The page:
Cain put the last Legos in place to complete the cab on the monster truck. All he had to do now was build the wheel wells and put in the four wheels in the box and he’d be done. Not exactly a difficult set, but Cain knew it was more about giving him something to do while he watched his sister. His mother had been gone for a while now and the sun had completed its descent behind the trees. Going behind the yard arm, as Mr. Pickens down at the diner in town would say. Cain liked Mr. Pickens. The old man always wore a filthy apron as he made eggs, bacon and sausage for his regulars at the griddle. In between flipping sausage patties, he would come out and chew the fat with the locals, filling their coffee and grabbing empty plates. Nobody seemed to mind that he was breaking at least two or three laws in the health code as he did because he was so friendly and knew everybody by name. Every now and then, he would sneak Cain a Fun Size Snickers or Mr. Goodbar he produced from a box underneath the cash register. He would look at Cain knowingly and the boy would stow it away in his pocket for later consumption.
“Come on Tanny,” Cain said. “You can finish that tomorrow. It’s time to go inside.”
“O-kaay,” his little sister said and stood up from the Lego set. Cain slid open the plate glass door and they went into the kitchen.
“Let’s play Memory until Mom comes back,” he suggested. He got the box from a closet on the landing that went downstairs and they sat down on the floor of the kitchen. As Cain set up the cards, Tanny took off her shoes and set them neatly in the row of footwear under the coat rack on the landing. After playing two rounds of the game, Cain looked up to the window. It was completely dark outside. As he set up the cards for another game, Cain heard what sounded like someone throwing rocks around the fire pit in the backyard. Another minute went by. Then he heard a loud metallic BANG!
The cast-iron cabinets under the grill, he thought. Tanny, focused intently on the game, had heard nothing.
Cain stood up and walked to the sliding door. He locked it, then pulled forward the floor-to-ceiling vertical blinds to cover the door. Cain took a step back from the door, then stood, listening.
“Come on Cain,” Tanny said. “Let’s get moving turkey,” and giggled.
The boy waited for what seemed like another 10 minutes before her heard the sound of boots crushing the Legos on the porch. He immediately turned and pulled his sister off the floor.
“Nooo,” Tanny protested. “I wanna play the game.”
Cain said nothing as he pulled Tanny behind him out into the hallway and into the bathroom. He locked the door, then pulled his sister into the bathtub and closed the shower curtain.
“You have to be really quiet, okay?” Cain whispered to his sister. “We’re hiding.”
“Like in Bloody Murder?”
“Yes,” Cain whispered. “Just like Bloody Murder.”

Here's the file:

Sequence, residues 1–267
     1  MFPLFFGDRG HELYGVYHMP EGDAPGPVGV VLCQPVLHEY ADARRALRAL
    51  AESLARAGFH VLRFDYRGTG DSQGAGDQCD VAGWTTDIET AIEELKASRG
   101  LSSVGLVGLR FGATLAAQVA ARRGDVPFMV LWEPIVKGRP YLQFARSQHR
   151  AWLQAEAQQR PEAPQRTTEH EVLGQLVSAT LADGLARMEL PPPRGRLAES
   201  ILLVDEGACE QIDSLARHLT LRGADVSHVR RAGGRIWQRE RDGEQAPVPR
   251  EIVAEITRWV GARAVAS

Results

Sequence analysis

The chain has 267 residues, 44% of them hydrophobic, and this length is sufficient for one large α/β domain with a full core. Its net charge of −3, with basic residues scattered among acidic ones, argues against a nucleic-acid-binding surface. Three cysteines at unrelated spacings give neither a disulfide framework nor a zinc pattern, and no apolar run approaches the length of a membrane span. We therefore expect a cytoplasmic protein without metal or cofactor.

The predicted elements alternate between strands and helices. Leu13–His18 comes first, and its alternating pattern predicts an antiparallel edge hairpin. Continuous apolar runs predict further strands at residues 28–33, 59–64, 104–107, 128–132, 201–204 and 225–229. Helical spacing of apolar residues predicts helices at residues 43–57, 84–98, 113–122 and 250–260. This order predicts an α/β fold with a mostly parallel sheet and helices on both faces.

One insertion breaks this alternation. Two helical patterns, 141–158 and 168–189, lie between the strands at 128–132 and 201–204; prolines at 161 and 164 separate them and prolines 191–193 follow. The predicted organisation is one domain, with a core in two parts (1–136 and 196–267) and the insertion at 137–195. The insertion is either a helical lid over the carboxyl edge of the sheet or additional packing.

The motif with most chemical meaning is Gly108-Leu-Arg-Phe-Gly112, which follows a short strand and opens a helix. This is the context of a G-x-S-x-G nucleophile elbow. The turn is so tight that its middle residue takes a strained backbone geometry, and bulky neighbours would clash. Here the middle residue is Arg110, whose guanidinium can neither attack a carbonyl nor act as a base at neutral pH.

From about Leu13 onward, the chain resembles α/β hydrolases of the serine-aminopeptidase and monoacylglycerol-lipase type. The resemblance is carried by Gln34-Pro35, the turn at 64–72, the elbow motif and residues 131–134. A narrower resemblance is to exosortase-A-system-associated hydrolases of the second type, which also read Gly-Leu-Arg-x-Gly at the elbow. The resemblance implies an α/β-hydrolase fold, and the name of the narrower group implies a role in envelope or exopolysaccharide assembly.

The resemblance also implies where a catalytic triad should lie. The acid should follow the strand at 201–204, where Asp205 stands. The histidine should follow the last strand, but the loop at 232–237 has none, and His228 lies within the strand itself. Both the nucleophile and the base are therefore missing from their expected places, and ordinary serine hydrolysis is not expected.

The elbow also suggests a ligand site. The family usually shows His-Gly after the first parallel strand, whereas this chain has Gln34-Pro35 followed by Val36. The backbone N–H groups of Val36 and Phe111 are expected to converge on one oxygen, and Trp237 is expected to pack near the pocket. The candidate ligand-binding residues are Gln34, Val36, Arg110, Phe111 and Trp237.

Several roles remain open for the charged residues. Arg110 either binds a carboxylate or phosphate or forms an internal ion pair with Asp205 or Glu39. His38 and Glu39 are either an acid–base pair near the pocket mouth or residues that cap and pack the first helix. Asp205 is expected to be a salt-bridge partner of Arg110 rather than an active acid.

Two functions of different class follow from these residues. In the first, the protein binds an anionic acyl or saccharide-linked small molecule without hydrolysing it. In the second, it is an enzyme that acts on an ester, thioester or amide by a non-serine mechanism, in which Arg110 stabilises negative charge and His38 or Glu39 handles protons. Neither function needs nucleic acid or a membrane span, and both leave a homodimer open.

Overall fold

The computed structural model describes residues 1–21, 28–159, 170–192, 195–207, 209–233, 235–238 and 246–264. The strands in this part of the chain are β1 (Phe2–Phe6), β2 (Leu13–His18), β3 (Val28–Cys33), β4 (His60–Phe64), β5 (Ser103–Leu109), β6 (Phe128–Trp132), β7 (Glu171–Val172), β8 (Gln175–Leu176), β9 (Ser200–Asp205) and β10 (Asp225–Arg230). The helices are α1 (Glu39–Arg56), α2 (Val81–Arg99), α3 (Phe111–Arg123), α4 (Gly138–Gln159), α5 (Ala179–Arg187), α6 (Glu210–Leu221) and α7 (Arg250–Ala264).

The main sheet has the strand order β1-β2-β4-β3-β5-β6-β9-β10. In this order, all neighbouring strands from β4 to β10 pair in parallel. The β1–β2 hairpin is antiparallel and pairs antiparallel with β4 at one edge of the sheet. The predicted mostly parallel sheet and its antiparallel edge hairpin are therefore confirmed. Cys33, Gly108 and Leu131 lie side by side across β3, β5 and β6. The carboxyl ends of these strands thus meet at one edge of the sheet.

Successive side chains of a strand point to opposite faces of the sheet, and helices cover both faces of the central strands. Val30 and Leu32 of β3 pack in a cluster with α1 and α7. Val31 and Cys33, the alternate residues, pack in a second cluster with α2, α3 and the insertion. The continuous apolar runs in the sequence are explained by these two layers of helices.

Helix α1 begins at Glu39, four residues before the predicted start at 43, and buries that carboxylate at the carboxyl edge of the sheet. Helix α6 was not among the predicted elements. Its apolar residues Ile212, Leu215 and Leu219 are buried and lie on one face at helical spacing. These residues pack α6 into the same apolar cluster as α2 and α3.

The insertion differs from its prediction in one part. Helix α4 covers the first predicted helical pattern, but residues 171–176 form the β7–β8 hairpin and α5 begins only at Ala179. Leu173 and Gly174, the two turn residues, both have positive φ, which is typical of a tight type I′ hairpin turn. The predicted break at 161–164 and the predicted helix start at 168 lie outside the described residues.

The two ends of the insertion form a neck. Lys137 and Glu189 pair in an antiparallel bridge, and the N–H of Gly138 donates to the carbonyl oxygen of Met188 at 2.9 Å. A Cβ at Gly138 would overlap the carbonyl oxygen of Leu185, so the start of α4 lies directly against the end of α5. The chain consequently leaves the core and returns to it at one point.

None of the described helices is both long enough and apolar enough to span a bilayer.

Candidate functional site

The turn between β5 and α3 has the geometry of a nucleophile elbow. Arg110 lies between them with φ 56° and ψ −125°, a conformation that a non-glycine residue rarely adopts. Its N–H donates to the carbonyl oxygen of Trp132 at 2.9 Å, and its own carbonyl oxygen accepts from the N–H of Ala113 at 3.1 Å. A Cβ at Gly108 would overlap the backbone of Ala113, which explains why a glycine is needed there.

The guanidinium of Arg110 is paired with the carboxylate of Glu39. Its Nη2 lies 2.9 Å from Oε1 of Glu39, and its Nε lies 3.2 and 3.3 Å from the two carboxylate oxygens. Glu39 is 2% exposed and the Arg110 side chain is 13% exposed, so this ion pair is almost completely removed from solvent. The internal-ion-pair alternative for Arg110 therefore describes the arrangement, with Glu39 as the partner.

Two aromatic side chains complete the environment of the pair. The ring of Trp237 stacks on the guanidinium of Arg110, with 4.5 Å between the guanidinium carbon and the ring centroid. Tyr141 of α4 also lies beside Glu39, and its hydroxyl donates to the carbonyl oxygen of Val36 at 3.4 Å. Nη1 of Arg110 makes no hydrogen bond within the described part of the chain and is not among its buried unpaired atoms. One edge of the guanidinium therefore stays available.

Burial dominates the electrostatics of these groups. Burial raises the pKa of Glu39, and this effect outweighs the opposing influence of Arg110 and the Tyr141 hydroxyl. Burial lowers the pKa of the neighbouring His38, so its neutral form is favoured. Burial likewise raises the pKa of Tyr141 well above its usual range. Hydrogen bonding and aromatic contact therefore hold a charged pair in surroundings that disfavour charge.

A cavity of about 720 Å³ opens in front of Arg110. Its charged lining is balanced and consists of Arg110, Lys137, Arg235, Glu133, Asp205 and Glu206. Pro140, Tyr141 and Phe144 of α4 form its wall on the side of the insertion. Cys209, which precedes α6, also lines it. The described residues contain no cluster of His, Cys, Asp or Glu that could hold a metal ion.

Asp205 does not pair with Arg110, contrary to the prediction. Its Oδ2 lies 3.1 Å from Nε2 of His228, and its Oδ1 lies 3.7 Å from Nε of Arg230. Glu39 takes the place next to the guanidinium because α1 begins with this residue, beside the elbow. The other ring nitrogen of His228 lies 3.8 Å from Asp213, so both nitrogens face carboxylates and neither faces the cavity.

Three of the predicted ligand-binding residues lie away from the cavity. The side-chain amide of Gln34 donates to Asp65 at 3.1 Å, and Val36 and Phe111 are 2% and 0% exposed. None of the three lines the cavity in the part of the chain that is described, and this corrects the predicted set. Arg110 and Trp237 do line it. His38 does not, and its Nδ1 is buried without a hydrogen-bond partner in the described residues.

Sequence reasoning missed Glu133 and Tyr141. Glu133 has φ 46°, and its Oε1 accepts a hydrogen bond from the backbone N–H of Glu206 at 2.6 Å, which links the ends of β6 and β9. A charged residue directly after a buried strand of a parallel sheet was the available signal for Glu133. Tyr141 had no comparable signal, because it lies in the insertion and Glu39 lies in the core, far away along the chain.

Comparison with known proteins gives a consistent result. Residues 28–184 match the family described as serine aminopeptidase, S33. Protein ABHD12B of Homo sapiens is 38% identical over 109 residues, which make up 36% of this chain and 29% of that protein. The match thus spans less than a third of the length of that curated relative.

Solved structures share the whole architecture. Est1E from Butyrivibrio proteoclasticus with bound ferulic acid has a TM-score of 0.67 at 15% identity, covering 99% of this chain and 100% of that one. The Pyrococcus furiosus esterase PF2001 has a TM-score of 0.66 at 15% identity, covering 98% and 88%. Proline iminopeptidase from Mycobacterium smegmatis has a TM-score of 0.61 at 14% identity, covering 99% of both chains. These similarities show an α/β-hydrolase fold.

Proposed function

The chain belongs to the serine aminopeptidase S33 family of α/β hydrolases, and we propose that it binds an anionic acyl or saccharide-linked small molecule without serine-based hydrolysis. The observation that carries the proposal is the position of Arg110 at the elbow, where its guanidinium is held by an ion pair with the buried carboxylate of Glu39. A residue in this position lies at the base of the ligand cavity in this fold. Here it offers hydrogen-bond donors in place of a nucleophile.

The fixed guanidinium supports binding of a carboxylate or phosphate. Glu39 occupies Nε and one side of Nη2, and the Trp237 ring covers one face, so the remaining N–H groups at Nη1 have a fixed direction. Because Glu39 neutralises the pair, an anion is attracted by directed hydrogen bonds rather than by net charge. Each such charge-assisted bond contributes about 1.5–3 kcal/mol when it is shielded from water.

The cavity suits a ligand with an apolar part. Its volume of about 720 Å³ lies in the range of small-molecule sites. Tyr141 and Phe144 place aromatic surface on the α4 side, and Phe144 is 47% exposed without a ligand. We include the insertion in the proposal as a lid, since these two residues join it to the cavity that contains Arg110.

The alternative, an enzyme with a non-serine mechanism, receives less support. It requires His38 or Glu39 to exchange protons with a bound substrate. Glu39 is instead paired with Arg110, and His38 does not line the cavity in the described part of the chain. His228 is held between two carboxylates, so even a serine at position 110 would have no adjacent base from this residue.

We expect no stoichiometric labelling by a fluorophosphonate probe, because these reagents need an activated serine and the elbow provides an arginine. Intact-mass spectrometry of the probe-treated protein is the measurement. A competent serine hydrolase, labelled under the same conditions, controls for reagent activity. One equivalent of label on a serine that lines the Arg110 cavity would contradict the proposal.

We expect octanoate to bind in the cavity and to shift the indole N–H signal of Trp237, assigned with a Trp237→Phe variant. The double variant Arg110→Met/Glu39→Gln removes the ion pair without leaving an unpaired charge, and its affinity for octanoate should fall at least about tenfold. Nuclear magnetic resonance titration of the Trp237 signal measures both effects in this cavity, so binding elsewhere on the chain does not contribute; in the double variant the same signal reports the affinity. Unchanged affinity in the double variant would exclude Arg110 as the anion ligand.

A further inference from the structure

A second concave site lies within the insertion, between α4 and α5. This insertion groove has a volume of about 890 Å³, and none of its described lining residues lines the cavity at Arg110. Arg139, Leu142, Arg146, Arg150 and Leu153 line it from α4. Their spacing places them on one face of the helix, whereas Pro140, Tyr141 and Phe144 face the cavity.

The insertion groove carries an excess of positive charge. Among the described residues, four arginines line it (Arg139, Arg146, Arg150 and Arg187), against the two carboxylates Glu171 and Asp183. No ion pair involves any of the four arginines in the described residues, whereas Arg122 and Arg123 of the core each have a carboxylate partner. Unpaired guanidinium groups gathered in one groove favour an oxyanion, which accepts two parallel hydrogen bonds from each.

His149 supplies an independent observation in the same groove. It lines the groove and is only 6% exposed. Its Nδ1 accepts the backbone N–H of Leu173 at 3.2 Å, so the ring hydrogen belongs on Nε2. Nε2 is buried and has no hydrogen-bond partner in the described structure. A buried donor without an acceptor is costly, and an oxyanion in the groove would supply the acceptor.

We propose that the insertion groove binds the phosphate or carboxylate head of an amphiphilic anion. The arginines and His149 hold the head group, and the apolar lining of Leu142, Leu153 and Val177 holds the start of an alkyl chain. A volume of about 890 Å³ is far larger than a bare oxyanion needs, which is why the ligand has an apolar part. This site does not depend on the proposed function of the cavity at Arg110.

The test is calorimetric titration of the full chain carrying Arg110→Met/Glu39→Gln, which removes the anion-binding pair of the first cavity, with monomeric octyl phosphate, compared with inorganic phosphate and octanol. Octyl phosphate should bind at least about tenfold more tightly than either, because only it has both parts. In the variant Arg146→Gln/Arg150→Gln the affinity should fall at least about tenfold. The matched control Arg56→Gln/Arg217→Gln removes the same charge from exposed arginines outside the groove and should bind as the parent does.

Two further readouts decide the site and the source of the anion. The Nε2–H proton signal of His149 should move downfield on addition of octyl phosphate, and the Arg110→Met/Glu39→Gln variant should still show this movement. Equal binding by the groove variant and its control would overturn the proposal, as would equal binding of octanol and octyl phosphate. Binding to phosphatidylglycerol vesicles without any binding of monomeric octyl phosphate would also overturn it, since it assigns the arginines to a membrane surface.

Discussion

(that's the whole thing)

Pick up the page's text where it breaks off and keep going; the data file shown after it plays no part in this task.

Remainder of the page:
“Who are we hiding from?” his sister asked.
“Shush.” Cain held his finger over his mouth.
For another minute, there was no sound from the back yard at all. Then, faintly, he heard a rattling coming from the basement. Someone was trying to open the cellar doors. Cain heard the doors rattle once more, then silence. For a moment, Cain, putting all his strength into not shaking, breathed shallow breaths, his sister tucked under his right arm. Then he stood up from his position sitting Indian-style in the bathtub. He wasn’t tall enough to see out the small sliding window in the shower that opened on the back yard. He crouched back down and huddled with his sister, listening intently. For what he wasn’t sure.
After an indeterminate amount of time, Cain stood up on his tip toes and tried to look out the window again but couldn’t. He stood with his back to the tile wall. He had used up all of his self-control and was now shaking. Tanny had buried her face in his chest.
“Can we go out now?” she whined.
He waited another minute and was almost ready to get out of the tub. Then he heard feet on the back porch again. This time, the footsteps were fast and deliberate. Cain heard the Legos being kicked aside as whoever it was approached the door, then paused.
Then, the doorbell rang.
Cain heard quick steps on the back porch, then down the stairs. He and his sister cowered in the bathtub when the doorbell rang again. A moment went by, then he heard someone on the porch again. This time, he heard the heavy sound of one of the big stone pots on the back porch being moved. Then, a key opened the back door and he heard the sliding door open.
“Cain! Tanny!” his mother yelled from the kitchen.
Cain and his sister got out of the tub and Cain unlocked the door. His sister ran out of the bathroom as his mother came into the hallway. Tanny hugged her mother’s legs and Madeline picked her up.
“Cain! Why didn’t you open the door when I rang the bell?!”